On the State of Lunacy and the Legal Provision for the Insaneby John T. Arlidge
The number of the Insane, and the legal provision requisite for their protection, care, and treatment, are subjects which will always recommend themselves to public attention and demand the interest alike of the political economist, the legislator, and the physician. To the first, the great questions of the prevalence of Insanity in the community, its increase or… See more details below
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The number of the Insane, and the legal provision requisite for their protection, care, and treatment, are subjects which will always recommend themselves to public attention and demand the interest alike of the political economist, the legislator, and the physician. To the first, the great questions of the prevalence of Insanity in the community, its increase or decrease, its hereditary character, and others of the same kind, possess importance in relation to the general prosperity and advance of the nation; to the second devolves the duty of devising measures to secure the protection both of the public and the lunatic, with due regard to the personal liberty, and the proper care and treatment, of the latter; to the last belongs the practical application of many of the provisions of the law, besides the exercise of professional skill in the management and treatment of the insane.
Moreover it will not be denied that, owing to the intimate manner in which he is concerned with all that relates to the lunatic, with all the details of the laws regulating his custody and general treatment, as well as with the institutions in which he is detained, with the features of his malady, and with all his wants, the physician devoted to the care of the Insane is well qualified to offer suggestions and recommendations to the legislator. Hence the present pages, in which the aim is to examine the present state of lunacy; the advantages to be gained by early treatment; and the adequacy of the existing legal provision for the Insane; and to offer some suggestions for improving the condition, and for amending the laws relating to the care and treatment, of this afflicted class of our fellow-creatures.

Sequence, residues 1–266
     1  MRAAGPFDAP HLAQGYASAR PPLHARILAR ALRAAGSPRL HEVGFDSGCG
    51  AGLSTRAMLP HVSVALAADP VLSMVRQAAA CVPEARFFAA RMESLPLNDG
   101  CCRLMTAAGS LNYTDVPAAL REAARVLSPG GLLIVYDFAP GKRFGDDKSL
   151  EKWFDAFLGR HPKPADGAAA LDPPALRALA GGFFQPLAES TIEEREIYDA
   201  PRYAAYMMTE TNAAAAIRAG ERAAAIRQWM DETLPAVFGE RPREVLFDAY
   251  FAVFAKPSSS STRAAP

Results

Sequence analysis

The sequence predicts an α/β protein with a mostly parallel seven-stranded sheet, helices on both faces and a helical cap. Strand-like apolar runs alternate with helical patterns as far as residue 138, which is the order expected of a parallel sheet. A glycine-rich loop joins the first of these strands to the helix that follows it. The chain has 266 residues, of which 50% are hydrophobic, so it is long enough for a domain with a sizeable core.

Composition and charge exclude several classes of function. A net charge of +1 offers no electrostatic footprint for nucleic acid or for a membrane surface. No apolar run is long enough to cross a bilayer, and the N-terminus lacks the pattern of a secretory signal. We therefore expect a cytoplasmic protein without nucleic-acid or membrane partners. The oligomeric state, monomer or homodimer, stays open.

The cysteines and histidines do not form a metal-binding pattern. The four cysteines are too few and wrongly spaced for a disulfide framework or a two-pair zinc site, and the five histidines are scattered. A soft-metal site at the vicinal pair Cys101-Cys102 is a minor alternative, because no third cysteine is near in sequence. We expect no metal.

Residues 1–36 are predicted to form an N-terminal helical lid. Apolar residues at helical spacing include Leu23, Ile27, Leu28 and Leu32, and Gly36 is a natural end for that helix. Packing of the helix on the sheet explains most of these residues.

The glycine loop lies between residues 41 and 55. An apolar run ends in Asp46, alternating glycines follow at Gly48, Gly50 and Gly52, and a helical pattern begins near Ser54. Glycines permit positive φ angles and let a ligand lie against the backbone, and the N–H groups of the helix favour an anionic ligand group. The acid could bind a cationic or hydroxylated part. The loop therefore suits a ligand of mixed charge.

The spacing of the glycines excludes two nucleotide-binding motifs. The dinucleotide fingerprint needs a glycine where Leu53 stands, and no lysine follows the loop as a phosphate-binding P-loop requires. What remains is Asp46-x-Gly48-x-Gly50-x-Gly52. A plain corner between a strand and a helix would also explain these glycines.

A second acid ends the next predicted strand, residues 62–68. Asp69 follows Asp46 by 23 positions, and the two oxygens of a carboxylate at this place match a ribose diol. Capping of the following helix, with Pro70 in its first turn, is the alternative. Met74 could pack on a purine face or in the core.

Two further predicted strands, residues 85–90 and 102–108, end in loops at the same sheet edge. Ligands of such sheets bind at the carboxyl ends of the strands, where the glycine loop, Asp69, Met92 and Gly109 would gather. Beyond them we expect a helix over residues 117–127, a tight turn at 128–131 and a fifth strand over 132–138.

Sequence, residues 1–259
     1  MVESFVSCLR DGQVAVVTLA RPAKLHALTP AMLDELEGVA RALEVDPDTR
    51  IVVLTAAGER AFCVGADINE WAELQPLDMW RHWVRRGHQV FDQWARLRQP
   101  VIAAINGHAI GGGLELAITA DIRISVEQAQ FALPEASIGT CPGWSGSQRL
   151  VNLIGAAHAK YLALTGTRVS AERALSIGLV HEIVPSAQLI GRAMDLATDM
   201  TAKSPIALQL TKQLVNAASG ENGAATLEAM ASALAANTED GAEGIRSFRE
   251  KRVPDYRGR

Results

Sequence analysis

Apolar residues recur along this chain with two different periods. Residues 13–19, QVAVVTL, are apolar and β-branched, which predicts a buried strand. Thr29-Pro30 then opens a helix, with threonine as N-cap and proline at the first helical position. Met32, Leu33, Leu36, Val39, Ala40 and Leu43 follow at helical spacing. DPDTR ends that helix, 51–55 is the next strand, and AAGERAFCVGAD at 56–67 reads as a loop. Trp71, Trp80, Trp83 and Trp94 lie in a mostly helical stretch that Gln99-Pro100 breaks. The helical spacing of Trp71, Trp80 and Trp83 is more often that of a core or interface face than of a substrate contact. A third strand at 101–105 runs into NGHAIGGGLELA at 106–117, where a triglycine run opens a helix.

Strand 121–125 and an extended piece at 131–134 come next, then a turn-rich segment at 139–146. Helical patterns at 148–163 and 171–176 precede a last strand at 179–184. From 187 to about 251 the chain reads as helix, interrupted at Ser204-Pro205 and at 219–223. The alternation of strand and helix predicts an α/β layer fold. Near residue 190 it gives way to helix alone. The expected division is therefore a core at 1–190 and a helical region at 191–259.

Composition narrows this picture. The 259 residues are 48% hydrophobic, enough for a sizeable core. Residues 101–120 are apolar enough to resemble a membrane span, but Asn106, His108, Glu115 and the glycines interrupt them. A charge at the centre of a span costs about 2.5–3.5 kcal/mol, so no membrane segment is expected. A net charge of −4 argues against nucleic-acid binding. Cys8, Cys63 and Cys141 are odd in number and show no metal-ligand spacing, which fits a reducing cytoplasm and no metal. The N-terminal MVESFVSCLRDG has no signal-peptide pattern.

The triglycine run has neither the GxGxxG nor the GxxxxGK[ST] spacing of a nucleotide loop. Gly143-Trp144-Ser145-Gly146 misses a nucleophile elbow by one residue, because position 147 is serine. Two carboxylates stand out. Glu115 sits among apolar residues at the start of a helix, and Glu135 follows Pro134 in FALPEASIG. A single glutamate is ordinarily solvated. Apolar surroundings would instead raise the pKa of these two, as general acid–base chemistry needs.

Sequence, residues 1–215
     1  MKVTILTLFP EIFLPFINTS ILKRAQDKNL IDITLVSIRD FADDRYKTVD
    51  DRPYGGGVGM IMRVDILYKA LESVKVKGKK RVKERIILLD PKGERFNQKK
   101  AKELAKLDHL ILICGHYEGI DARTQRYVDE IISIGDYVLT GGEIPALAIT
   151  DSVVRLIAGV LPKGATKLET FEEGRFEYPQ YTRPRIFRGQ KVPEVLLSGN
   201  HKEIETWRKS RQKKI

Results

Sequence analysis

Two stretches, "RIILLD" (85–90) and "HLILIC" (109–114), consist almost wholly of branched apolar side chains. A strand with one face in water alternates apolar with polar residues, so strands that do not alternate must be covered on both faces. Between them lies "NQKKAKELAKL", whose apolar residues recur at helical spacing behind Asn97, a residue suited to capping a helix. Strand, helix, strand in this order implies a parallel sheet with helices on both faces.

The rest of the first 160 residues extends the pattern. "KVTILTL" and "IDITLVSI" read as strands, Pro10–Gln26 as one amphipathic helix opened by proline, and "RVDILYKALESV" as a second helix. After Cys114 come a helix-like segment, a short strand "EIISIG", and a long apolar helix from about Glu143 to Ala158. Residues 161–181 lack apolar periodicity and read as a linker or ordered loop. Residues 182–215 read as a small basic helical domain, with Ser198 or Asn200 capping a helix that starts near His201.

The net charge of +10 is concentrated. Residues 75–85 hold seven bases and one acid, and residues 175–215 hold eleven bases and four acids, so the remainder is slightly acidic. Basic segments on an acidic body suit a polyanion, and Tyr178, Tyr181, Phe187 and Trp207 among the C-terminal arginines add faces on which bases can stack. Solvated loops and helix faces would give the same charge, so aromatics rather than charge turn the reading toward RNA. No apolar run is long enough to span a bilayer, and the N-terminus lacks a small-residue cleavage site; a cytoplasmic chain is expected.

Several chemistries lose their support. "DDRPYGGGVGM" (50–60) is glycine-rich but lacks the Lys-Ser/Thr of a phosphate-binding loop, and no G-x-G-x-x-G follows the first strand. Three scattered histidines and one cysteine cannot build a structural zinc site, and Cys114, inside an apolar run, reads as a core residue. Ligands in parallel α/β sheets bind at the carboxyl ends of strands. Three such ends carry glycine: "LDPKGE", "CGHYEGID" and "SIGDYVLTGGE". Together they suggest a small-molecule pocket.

The whole subject of the efficiency of the Lunacy Laws and of their administration, occupies just now a prominent place in public attention, owing to the rapid multiplication of County Asylums and the constantly augmenting charges entailed by them; to the prevalent impression that Insanity is rapidly increasing; to recent agitation in our Law Courts respecting the legal responsibility of the Insane and the conditions under which they should be subjected to confinement, and still more to the proposed legislation on the matter during the present Session of Parliament. It would be a great desideratum could the Lunacy Laws be consolidated, and an arrest take place in the almost annual additions and amendments made to them by Parliament; but, perhaps, this is next to impracticable, owing to the attempts at any systematic, effectual, and satisfactory legislation for the Insane, being really of very recent date, and on that account subject to revisions enforced by experience of its defects and errors. However, the present time appears singularly suited to make the attempt at consolidation, so far as practicable, inasmuch as the appointment of a special committee of the House of Commons on the Lunacy Laws, furnishes the means for a complete investigation into existing defects, and for receiving information and suggestions from those practically acquainted with the requirements of the Insane, and with the operations of existing enactments.
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